I learn by the doctrines, history and practices of the Church of Rome that the lives of Protestants are endangered, the laws of England set at nought, and the crown of England subordinated to the dictates of an Italian bishop.
The 1885 Home Rule Bill
After the collapse of the 1798 United Irish rebellion and the passing of the Act of Union in 1801, the Orange Order was stronger than ever before, but began to decline and fell into disrepute towards the middle of the century. Despite this, Daniel O'Connell had trouble arranging rallies in Ulster for his Repeal Association, that sought repeal of the Act of Union. Having successfully arranged supportive "monster meetings" in the rest of Ireland, his visit to Belfast in 1841 was marked by stonings, hostile and supportive crowds, and threats of riots. Long before the 1885 Bill it was already clear that a significant number of Irish people wanted to maintain the Union, particularly those resident in Ulster who were not Roman Catholics.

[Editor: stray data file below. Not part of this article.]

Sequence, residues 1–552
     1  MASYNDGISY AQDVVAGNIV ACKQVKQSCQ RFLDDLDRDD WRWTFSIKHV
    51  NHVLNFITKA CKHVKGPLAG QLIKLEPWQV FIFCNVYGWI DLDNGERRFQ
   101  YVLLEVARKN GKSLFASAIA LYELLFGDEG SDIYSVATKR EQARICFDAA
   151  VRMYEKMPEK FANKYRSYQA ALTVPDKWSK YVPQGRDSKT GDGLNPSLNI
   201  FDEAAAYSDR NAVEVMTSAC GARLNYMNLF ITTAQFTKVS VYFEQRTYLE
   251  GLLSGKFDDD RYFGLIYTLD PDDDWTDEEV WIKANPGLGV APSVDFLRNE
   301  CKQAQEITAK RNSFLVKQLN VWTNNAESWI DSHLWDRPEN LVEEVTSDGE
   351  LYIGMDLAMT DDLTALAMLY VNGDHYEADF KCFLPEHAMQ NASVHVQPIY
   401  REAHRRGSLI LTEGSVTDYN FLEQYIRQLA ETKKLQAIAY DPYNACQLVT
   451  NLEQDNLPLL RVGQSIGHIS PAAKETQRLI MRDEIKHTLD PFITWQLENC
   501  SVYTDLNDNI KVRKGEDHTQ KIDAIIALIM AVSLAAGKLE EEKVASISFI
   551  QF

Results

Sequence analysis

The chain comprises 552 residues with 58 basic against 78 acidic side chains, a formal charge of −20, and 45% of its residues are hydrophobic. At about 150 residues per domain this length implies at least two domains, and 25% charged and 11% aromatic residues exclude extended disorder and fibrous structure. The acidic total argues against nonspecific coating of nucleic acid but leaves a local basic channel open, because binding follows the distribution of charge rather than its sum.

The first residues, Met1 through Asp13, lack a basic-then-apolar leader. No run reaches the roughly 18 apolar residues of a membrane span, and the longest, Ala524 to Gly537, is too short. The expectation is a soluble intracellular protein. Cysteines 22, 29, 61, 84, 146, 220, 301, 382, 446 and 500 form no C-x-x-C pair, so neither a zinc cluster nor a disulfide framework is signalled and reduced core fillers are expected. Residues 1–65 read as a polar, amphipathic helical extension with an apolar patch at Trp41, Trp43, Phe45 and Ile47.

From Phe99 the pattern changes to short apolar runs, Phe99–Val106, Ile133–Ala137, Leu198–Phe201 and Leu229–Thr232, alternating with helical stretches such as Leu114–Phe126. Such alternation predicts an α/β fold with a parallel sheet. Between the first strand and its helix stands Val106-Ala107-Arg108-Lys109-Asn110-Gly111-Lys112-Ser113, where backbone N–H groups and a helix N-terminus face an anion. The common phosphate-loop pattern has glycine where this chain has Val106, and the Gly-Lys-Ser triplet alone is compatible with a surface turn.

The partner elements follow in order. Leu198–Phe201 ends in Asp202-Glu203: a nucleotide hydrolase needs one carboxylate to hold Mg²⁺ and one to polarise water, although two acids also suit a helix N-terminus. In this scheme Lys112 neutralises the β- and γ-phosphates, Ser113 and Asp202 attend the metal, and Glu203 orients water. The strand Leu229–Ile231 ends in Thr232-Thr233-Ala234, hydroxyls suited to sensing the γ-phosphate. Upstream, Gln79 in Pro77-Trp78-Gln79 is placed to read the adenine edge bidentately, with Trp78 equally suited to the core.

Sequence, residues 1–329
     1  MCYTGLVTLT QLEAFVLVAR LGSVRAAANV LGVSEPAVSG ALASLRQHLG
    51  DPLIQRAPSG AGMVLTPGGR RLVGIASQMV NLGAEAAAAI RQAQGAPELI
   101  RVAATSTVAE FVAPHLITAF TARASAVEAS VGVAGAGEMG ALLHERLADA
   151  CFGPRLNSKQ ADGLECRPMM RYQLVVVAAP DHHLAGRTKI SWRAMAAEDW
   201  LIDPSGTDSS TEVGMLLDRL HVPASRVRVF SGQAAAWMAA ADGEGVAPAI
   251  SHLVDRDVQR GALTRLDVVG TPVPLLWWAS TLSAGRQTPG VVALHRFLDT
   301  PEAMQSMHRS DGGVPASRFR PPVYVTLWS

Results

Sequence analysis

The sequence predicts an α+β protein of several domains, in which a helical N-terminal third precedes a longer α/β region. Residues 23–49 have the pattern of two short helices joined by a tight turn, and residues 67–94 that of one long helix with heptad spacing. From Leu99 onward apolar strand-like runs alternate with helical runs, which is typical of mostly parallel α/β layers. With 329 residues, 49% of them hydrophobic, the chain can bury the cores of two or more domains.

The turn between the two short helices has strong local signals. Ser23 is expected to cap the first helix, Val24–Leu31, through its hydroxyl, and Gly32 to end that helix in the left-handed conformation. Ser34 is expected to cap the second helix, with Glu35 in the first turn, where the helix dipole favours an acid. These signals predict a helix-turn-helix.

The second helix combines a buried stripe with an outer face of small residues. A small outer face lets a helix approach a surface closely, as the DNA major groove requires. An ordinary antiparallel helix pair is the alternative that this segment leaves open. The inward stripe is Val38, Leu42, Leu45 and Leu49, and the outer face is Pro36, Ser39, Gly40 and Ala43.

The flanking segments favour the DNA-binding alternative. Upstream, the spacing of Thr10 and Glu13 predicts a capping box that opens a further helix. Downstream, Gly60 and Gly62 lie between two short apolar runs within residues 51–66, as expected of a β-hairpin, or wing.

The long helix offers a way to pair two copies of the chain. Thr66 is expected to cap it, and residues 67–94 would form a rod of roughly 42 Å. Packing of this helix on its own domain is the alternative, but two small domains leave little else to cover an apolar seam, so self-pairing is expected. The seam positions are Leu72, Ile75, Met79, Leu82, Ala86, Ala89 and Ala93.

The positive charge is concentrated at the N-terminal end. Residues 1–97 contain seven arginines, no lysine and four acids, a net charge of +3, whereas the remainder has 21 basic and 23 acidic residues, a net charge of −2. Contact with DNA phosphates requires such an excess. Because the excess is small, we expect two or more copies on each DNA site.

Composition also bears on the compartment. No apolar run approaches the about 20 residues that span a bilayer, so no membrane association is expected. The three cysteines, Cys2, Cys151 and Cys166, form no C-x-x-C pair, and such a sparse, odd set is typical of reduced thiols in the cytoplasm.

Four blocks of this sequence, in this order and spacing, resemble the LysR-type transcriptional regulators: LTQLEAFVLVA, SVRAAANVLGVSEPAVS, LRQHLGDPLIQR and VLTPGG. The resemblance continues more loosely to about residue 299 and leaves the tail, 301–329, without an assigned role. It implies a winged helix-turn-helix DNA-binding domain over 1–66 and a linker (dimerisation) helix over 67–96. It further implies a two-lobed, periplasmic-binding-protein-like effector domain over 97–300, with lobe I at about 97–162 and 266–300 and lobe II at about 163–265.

Anglicans of the established Church of Ireland and the other Protestant groups such as Presbyterians had had different legal rights and priorities, and mutual disagreements, until the disestablishment of the Church of Ireland by the Irish Church Act 1869. While the Act was passed to reflect the small percentage of Church of Ireland members in the Irish population, and to increase the self-esteem of Irish Roman Catholics, the resulting level playing field allowed the different Protestant groups to act as political equals for the first time.